Is Having A Watery Discharge During Pregnancy Normal?

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A healthy vaginal discharge is clear or milky white and odorless (or with a mild odor). The varying amount of vaginal discharge depends on whether you are menstruating, pregnant, or going through menopause (1) (2). Increased estrogen levels may cause watery discharge during pregnancy, although this is not worrisome. However, if there are any color changes and a foul smell or other symptoms, it can be concerning (3).

Read on to learn more about watery discharge while pregnant, why it happens and how to manage it.

What Is Watery Discharge During Pregnancy?

During pregnancy, as your body is preparing to accommodate your baby, your cervix and the vaginal walls soften, causing an increase in estrogen levels. This leads to increased blood flow in the pelvic region, which stimulates the body’s mucous membranes, causing watery discharge. Pregnant women are more prone to infections, and therefore, the increased watery discharge can protect your vagina from the entry of viruses and bacteria. It clears out the dead cells in the vagina (3).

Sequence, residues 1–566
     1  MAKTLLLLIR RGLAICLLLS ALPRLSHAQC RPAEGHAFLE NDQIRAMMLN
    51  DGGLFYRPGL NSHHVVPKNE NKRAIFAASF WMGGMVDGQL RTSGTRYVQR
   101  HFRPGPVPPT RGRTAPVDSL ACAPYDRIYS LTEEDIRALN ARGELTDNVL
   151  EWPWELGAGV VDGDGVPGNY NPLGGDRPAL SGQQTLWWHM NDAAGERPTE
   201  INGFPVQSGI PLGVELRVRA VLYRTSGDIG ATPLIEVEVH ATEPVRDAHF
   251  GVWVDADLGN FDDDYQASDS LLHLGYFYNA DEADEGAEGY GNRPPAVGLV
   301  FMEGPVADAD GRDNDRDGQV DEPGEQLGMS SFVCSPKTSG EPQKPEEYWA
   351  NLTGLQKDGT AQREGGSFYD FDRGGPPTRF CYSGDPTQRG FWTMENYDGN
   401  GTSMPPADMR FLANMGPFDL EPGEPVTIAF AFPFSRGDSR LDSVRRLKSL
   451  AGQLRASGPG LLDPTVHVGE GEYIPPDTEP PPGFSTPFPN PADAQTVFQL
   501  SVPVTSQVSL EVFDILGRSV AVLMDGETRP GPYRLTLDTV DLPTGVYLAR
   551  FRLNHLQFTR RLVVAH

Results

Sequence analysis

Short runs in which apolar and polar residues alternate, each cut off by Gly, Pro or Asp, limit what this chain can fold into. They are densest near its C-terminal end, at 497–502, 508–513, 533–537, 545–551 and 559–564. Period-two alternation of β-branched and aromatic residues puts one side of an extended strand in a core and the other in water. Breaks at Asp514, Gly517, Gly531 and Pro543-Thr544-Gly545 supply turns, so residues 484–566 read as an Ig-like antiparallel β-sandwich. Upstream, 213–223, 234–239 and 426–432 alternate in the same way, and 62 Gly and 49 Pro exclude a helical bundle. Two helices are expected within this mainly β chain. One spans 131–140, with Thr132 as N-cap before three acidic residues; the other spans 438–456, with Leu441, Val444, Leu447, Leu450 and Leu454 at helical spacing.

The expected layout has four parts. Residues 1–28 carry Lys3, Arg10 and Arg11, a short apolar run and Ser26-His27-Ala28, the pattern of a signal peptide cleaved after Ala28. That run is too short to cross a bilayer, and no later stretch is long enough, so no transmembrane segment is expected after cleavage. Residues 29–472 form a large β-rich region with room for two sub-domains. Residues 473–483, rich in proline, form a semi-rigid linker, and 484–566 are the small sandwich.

This discharge might get heavier with the advance of your pregnancy, and you may even confuse it with urine. However, understand that it is normal.

An increase in discharge is also one of the early pregnancy symptoms, but it might not be the same in all cases. Therefore, you should look for other symptoms and take a pregnancy test (4).